Titolo della tesi: New insights on the ecology and conservation of Mediterranean sharks: the contribution of Citizen Science networks and novel analysis approaches, with a particular attention to the Mediterranean White Shark
It is undoubtful that we are facing a strong biodiversity loss crisis. This crisis is particularly harsh in the marine environment, where over-exploitation, habitat loss, Global Change, and pollution impact natural communities as never before. These drivers of change are particularly effective on apex predators, such as sharks, which are naturally less resilient due to their life-history traits.
Given its millenarian history of exploitation and the actual strong anthropogenic pressure, the Mediterranean area is particularly prone to favor the biodiversity loss and this condition is reflected, for example, by the worst elasmobranchs’ conservation status worldwide. However, even if this situation is, for sure, the result of the human pressure on the ecosystems, it is also reinforced by a general lack of ecological data on Mediterranean elasmobranchs, which produces considerable uncertainty in the regional conservation status assessment and poor effectiveness of the conservation measures.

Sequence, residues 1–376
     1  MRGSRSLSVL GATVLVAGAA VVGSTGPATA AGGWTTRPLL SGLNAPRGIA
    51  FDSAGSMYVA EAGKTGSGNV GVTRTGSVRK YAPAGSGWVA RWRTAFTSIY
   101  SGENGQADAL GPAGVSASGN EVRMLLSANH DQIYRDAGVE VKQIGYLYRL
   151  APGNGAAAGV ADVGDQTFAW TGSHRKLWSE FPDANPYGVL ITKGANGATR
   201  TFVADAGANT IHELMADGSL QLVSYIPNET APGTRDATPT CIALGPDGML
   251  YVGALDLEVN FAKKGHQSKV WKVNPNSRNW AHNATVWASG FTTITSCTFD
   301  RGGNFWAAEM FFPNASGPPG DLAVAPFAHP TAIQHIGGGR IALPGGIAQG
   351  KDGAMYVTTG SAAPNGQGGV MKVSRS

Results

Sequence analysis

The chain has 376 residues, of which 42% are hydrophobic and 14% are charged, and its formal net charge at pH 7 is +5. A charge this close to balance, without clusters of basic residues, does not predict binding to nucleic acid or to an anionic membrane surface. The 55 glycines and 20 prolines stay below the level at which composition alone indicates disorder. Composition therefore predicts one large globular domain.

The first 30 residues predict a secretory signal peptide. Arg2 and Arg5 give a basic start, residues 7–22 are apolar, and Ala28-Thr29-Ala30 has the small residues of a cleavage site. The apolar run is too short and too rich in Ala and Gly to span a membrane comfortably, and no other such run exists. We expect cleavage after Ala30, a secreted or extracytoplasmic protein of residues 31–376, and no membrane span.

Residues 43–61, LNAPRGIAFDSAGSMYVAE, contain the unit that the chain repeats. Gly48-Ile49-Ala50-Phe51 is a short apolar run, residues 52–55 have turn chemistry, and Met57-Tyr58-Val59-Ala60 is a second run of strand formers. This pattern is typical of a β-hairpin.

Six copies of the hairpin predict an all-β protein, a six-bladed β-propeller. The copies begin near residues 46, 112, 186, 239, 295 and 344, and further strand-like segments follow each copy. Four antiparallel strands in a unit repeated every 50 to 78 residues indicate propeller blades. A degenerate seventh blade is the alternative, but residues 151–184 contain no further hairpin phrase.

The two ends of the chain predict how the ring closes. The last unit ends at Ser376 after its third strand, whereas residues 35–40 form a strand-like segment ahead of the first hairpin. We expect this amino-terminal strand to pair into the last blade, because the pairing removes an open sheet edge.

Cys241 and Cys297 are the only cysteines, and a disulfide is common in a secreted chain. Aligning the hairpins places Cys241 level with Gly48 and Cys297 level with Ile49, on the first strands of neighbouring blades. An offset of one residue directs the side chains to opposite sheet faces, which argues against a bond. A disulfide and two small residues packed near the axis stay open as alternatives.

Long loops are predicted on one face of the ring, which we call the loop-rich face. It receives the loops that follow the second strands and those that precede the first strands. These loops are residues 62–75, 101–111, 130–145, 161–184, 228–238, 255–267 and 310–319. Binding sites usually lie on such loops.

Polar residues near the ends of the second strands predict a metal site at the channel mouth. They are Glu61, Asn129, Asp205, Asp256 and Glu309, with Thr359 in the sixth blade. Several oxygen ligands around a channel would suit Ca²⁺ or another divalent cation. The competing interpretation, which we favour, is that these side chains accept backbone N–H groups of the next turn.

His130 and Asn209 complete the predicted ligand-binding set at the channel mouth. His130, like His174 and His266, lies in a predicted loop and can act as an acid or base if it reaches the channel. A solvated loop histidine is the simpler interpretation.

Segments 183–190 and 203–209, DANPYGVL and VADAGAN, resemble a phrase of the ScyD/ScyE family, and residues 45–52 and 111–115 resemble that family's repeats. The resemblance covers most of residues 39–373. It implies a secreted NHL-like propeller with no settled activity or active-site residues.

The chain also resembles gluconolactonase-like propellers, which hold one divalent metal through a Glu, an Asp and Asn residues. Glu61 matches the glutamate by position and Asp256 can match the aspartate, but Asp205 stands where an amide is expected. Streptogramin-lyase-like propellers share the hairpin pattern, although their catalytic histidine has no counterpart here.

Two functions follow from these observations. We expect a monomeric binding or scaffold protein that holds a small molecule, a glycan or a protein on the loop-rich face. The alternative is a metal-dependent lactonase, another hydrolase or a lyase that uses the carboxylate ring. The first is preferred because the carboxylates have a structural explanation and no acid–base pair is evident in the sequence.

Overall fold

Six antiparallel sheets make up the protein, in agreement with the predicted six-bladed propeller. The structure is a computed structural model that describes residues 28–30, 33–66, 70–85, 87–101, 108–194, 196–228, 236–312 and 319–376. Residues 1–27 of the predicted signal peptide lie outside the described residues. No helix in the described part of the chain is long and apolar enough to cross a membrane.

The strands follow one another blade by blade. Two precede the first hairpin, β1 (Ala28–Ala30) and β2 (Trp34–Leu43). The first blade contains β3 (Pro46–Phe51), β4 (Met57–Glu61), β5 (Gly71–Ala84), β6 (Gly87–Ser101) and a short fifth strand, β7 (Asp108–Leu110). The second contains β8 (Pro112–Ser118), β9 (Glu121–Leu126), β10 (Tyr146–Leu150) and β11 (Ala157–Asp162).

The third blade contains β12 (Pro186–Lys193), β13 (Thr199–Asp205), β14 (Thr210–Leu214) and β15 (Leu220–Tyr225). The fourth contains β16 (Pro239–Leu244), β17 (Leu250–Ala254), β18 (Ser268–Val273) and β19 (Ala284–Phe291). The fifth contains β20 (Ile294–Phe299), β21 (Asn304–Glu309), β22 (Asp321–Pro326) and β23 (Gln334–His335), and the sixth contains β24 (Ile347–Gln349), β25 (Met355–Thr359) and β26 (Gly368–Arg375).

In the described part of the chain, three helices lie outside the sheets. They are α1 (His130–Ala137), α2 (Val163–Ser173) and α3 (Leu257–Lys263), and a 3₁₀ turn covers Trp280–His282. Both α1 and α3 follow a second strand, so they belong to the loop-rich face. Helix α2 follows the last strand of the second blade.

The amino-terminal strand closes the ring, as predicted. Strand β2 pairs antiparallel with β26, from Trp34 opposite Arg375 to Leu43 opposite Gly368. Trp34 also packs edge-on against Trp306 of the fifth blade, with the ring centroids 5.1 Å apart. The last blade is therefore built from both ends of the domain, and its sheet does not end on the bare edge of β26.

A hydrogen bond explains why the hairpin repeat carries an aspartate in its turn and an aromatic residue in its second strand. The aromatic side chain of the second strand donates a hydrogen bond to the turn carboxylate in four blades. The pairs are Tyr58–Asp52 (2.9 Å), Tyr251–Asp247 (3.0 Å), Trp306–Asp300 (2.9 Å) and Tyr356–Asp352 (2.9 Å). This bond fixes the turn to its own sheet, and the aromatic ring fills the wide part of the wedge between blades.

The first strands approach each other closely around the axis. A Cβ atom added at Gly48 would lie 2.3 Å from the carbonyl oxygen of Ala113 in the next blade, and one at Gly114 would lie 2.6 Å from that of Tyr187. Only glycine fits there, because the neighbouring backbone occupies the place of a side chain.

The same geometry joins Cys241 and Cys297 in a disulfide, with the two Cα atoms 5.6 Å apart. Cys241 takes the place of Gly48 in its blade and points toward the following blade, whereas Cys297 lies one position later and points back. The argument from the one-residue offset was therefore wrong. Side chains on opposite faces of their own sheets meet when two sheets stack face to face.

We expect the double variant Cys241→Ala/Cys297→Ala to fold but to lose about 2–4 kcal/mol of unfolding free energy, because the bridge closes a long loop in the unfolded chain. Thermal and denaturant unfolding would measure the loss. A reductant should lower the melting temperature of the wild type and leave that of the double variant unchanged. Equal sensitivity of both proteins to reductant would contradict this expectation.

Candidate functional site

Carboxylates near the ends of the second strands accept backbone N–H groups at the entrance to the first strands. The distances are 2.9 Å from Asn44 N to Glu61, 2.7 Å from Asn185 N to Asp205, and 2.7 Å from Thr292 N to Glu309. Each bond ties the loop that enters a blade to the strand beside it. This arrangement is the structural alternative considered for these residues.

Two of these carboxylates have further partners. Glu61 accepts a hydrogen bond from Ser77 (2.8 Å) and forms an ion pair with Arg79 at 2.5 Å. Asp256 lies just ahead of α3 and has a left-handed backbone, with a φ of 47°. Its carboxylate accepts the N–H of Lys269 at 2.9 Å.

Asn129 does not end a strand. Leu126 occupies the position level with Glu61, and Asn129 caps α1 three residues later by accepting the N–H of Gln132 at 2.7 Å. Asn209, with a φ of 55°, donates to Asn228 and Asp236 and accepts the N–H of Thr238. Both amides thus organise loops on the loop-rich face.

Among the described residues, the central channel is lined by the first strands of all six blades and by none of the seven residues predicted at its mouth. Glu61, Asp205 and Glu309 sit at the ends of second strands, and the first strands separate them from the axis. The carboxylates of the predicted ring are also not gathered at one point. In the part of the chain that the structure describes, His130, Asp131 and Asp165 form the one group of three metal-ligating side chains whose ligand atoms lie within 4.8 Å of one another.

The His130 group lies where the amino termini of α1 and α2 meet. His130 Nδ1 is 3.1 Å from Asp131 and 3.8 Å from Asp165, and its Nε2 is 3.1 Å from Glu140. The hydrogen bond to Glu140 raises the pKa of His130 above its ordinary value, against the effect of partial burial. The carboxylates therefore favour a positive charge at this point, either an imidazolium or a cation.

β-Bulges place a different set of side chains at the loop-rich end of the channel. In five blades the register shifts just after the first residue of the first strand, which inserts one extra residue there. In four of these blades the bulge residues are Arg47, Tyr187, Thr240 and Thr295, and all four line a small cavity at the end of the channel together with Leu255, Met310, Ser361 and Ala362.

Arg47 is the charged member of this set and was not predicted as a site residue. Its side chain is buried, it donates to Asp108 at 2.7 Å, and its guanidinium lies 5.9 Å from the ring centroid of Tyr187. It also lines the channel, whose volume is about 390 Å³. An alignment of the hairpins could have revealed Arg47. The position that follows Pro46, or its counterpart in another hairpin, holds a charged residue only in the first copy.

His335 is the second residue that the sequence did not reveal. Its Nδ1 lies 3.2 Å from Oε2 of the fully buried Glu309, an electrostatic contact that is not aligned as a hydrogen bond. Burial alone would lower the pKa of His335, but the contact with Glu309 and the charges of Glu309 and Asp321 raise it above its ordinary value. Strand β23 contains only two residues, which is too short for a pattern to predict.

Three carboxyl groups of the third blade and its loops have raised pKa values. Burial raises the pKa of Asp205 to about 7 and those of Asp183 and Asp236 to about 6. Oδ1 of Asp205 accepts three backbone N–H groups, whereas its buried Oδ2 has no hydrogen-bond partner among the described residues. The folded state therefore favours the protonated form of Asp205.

Citizen science initiatives are always more common in conservation studies, and they are proving to be a valuable alternative source of information when conventional data are scarce or inconsistent. However, a portion of the scientific community is still skeptical about the usability of opportunistic data due to essential biases affecting them and the absence of robust approaches to correct them.
In this context, my Ph.D. thesis has two primary targets:
1) to demonstrate how citizen science initiatives can produce informative ecological insights on marine species, in particular for rare and elusive species (i.e., sharks), also boosting the data collection with different substantially costless strategies.
2) to describe different approaches capable of handling and standardizing opportunistic data to produce robust analysis, also allowing to harmonize them with more conventional data to perform a real integrated modeling approach. These approaches will be illustrated with different case studies.
These objectives are explored within the chapters of the thesis through both published papers and paper drafts that still need some refinement before submission to a journal. Despite these two primary targets, other minor goals will be treated in the thesis, such as:
- a deep analysis of the elasmobranchs biodiversity in the Mediterranean sea, which investigates the major biodiversity patterns and tries to solve some taxonomic issues.
- the use of life-history traits to estimate the rebound potential of Mediterranean sharks and rays.
- the demonstration that proper analyses of opportunistic datasets can inform field-work activities in the Mediterranean Sea.